Caucasian Betsy claims that Asian Betsy is an impostor named Kwannon placed there by Matsuo. In a move that makes it clear which one will end up staying, Caucasian Betsy calls herself Revanche to avoid confusion and make it clear that she is really pissed off, I guess. Together, Revanche, Psylocke, and the rest of the X-Men track down Matsuo for an explanation. In time, it is revealed the Matsuo, Spiral, and the Mandarin had merged the two women in mind, body, and soul creating two beings who were as similar as they were different. But inevitably, it was decided that Kwannon's body was more Betsy and Betsy's body was more Kwannon because comic fans love hot ninja chicks.
Later, Kwannon returned, blindfolded, with her artificial Mojo-eyes plucked out and revealed that she had contracted the legacy virus. Not wanting to die a slow death, she asks Matsuo to kill her, thus restoring the new status quo.
I really liked Kwannon for some reason. I think the idea of a blind, white, ninja telepath is a cool idea, or maybe I just hated that Psylocke's back story was so convoluted. The problem with so many of these stories that were supposed to "tie up loose ends" is that they usually just ended up making things more complicated. That's what happens when you try to form a logical basis for an irrational decision. Just look at the church.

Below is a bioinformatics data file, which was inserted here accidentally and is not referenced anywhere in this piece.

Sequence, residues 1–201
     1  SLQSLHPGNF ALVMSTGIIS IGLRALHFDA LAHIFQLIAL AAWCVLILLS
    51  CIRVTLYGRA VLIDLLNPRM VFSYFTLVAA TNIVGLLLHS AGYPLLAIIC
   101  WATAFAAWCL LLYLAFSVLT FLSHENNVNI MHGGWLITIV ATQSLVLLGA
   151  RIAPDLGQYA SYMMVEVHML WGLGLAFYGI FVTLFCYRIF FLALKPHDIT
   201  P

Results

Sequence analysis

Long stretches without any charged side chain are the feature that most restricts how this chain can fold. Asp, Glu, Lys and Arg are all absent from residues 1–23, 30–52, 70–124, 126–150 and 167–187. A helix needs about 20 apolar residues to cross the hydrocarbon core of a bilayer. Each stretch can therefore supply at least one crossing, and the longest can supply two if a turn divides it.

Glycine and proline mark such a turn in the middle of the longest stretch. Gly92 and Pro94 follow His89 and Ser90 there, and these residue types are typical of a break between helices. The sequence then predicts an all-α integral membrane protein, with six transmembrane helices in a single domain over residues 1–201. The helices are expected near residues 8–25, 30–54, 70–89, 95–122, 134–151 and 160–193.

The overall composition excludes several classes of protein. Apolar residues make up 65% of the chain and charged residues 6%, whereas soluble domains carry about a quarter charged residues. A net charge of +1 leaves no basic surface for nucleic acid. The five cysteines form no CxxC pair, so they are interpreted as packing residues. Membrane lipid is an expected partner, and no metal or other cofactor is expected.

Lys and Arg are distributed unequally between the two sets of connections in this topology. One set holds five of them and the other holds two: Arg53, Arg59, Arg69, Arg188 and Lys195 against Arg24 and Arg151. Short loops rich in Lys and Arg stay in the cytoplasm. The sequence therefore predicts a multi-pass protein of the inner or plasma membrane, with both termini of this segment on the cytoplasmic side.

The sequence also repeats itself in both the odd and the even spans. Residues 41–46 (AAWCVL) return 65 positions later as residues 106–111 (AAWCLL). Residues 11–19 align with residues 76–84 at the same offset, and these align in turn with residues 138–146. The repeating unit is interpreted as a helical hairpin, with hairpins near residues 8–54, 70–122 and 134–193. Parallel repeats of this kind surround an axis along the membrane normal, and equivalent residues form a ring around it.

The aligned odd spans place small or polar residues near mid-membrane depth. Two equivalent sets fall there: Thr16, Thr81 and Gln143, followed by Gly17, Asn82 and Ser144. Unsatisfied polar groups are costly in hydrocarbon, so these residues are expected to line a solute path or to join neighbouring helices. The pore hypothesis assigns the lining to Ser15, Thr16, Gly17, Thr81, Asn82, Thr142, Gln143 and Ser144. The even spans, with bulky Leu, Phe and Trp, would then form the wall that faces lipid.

A Death in the Family
Kwannon was hardly the first victim of the legacy virus. That dubious honor belongs to Colossus' sister, the former New Mutant, Illyana "Magik" Rasputin. Still a young pre-teen after the events of Inferno, Illyana spends her last days in the Xavier Mansion attended by Jubilee and Kitty Pryde while Xavier and Moira desperately work to find a cure, knowing that the chances are astronomical. By the time Piotr gets back from his mission, it is too late and he never had the opportunity to say goodbye.